Why Adam Schiff won’t be the next senator from California


Congressman Adam Schiff, whose district stretches from west Pasadena to Hollywood, will not be the next United States senator from California. 

I mean, I guess it’s possible. Schiff has more of a shot than me. 

Schiff has a better chance than Sen. Dianne Feinstein, who announced her retirement this week. 

Schiff has a better chance than a Republican candidate (sorry guys, if it hasn’t happened since 1988, you don’t get good odds). 

And Schiff has more of a shot than Feinstein’s main competition last election, Los Angeles Councilman Kevin de León, who was at the time endorsed by the California Democratic Party but has since fallen out of favor with voters because it turns out he’s a closet racist.

I even think de León is more likely to resign from the City Council than Schiff is to become senator — and if you read this column regularly, you know I don’t think de León will resign. 

Schiff has his strengths. He is a prolific fundraiser. In 2020, he raised $25 million — which is a lot — good enough for fourth overall for a House member. He was behind then-Speaker Nancy Pelosi and now-Speaker Kevin McCarthy. 

Unfortunately, he was also behind his main rival at this point, Congresswoman Katie Porter, who is an even more prolific fundraiser. If you read this column regularly, you will know I hope anyone but her wins. 

Schiff has national name ID. I haven’t seen polling and don’t know if he has more or less name ID than Porter, but he kept his name in the headlines for what seemed like an eternity as a main impeachment prosecutor of then-President Donald Trump. 

He’s also got the endorsement of Pelosi, which is likely worth something in California. 

So why am I so down on Schiff’s chances? 

First, Schiff is a charisma black hole. I know that sounds mean, but watch a video of him and prove me wrong. He would struggle in a debate with Porter (though that might not matter since more people are likely to watch reruns of “Here Comes Honey Boo Boo” than a Senate debate), because she is a much more interesting speaker, even if what she says is often incorrect and feels like a lecture (and not a fun lecture).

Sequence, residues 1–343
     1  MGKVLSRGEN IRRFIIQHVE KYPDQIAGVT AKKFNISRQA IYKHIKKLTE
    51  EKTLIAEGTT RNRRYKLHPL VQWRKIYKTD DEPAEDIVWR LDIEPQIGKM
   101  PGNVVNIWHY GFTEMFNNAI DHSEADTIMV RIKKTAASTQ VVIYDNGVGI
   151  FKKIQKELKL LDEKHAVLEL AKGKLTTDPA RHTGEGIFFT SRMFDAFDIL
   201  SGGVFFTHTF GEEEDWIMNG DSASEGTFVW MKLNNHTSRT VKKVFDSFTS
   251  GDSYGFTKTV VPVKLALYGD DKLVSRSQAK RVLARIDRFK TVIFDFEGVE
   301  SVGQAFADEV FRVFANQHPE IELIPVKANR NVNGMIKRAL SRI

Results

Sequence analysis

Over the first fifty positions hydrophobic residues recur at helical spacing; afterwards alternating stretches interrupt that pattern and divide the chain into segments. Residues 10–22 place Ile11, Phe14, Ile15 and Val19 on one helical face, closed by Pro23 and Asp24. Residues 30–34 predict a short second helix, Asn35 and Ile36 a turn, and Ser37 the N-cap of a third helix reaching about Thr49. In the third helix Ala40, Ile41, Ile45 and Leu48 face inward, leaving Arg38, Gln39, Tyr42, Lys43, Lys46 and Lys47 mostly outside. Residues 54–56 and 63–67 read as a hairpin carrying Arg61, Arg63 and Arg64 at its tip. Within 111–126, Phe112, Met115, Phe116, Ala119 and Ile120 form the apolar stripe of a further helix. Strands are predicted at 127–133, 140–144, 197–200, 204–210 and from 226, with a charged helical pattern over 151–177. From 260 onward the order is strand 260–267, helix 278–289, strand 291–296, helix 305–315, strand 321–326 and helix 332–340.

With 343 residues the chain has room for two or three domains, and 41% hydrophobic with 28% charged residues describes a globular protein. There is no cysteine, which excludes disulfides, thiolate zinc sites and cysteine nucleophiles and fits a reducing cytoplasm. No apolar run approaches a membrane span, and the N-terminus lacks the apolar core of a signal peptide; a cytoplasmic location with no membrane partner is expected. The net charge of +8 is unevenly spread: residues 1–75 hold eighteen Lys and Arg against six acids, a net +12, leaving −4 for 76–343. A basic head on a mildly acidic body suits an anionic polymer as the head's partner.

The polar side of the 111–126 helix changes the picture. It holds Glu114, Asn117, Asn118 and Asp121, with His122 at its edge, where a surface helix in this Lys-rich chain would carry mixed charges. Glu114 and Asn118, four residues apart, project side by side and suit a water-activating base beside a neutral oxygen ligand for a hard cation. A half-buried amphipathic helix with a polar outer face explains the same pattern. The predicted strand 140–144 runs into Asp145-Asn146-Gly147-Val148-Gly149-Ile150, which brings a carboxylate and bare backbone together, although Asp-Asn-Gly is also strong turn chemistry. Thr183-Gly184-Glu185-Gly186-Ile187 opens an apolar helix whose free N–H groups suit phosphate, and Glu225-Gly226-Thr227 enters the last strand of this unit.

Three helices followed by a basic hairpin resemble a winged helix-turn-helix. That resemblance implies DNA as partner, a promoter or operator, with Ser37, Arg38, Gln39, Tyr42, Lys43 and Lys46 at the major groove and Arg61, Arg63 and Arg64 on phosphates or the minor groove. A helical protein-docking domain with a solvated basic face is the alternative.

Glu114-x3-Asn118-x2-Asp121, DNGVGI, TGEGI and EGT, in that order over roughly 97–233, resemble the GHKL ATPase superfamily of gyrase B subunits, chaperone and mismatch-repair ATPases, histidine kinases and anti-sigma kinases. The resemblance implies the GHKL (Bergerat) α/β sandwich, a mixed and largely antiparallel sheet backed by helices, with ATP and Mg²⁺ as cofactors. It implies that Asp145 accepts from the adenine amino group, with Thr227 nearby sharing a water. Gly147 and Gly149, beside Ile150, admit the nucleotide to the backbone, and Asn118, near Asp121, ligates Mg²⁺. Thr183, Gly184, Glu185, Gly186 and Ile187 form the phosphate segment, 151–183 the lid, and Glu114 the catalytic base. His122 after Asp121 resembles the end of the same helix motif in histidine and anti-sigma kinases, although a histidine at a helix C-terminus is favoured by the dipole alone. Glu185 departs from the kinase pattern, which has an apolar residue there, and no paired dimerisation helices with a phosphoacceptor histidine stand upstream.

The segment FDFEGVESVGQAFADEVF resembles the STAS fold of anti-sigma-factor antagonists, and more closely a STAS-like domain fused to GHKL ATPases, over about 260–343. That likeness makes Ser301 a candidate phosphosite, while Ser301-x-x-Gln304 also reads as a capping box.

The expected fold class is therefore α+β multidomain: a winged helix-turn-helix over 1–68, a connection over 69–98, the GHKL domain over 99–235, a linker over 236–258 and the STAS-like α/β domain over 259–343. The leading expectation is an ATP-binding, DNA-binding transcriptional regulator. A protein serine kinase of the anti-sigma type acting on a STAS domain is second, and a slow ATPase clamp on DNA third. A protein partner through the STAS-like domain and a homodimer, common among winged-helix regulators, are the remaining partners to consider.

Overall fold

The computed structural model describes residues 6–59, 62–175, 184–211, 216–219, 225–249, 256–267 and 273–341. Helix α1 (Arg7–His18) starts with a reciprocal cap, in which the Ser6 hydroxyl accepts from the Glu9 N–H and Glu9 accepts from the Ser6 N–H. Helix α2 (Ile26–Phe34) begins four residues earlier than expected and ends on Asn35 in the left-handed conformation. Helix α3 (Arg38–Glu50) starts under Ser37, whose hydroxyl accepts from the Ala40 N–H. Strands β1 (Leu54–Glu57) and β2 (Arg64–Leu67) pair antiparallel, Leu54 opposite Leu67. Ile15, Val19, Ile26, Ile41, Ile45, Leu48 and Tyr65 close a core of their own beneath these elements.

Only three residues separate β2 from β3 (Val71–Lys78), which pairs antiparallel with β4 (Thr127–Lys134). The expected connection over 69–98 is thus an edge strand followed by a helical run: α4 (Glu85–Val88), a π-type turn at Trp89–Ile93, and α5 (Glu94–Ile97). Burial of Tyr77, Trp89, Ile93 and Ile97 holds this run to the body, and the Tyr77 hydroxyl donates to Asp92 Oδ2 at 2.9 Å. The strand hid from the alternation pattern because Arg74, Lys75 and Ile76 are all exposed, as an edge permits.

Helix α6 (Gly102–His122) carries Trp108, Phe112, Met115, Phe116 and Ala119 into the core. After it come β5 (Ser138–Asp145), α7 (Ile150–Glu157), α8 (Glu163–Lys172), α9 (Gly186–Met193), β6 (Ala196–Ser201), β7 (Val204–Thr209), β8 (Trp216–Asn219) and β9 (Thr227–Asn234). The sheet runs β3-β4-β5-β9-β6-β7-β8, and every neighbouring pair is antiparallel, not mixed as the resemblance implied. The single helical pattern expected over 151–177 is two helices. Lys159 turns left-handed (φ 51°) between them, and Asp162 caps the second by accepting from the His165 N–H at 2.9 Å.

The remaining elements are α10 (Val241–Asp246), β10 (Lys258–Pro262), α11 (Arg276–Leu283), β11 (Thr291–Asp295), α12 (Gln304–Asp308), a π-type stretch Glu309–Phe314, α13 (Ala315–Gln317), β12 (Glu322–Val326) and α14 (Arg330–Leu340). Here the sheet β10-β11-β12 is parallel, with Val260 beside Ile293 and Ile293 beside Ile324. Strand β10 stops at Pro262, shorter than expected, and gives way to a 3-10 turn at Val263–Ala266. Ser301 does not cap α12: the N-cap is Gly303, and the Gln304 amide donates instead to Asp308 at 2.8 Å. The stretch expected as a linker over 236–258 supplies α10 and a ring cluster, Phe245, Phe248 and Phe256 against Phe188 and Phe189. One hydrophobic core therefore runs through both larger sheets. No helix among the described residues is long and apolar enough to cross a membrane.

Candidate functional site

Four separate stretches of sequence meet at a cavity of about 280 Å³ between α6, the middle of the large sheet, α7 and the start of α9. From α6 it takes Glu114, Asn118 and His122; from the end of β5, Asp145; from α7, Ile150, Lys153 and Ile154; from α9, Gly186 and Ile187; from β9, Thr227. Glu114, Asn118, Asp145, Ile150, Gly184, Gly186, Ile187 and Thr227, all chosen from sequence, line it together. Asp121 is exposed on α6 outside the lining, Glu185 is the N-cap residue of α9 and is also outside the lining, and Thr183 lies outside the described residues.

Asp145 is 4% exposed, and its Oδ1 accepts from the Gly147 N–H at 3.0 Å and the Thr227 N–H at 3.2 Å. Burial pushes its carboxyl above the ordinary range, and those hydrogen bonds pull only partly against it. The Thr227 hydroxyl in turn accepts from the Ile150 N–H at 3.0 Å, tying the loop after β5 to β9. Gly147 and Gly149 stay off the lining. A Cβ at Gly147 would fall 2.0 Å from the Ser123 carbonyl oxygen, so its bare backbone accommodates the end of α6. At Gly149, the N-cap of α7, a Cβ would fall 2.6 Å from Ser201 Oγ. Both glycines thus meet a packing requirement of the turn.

Demographics are against him. “As a white man, Schiff faces an additional challenge among some California Democratic voters who hope to diversify the Senate’s ranks,” reported Seema Mehta in the Los Angeles Times.

Apparently Porter agrees, having told NBC Los Angeles: “we need more people with different kinds of experiences and that means we do need more Black people in the Senate, we need more Black women in particular.” 

Related: Adam Schiff’s un-American effort to silence critics on Twitter

Of course, Porter is also White and running for Senate. Does Porter really mean there should be more Black women in the Senate? 

We might find out. Bay Area Congresswoman Barbara Lee has filed to enter the race after having enough respect for Feinstein to wait until she announced her retirement. 

If Porter means what she says, then she’ll of course bow out and endorse Lee — but we know she doesn’t mean it. She wants to see a Black woman in the Senate, but not more than she wants to see herself in the Senate. 

Anyway, back to Schiff. 

Probably his biggest vulnerability is ideological. He was a member of the centrist Blue Dog Democrats and then the centrist New Democrat Coalition. 

Schiff was a centrist until it wasn’t cool to be a centrist anymore. Remember, Bernie won California’s Democratic presidential primary in 2020 and Gavin Newsom beat more moderate challengers for governor in 2018 (both instances prove there’s a glimmer of hope for a White guy like Schiff, though). 

Related: Adam Schiff’s vote for the Iraq war should disqualify him from the Senate

Politico reporter Sarah Ferris tweeted recently that Schiff was now seeking to join the Progressive Caucus and he told Politico in a separate article: “I very much view myself as a progressive.” 

Nice try, Schiffy. Voters have the receipts. 

If his plan is to run against himself, it’s not a strong plan. 

Lee, however, is a progressive (as is Porter) and her entering the race presents yet another problem for Schiff. She is also from Oakland and Bay Area candidates usually fare much better than Los Angeles candidates when running statewide. 

Lee is not a particularly strong fundraiser, though. and it’s impossible to compete in California statewide without money to go up on TV. 

I disagree with all three on so many issues, but Lee does seem to be the most genuine and thoughtful of the three, which is at least refreshing. 

So to recap: Schiff’s exceptionally boring, he’s running against himself and demographics are not on his side.

Anything can happen. But “anything” probably won’t include Schiff being California’s next senator.  

Follow Matt Fleming on Twitter @FlemingWords

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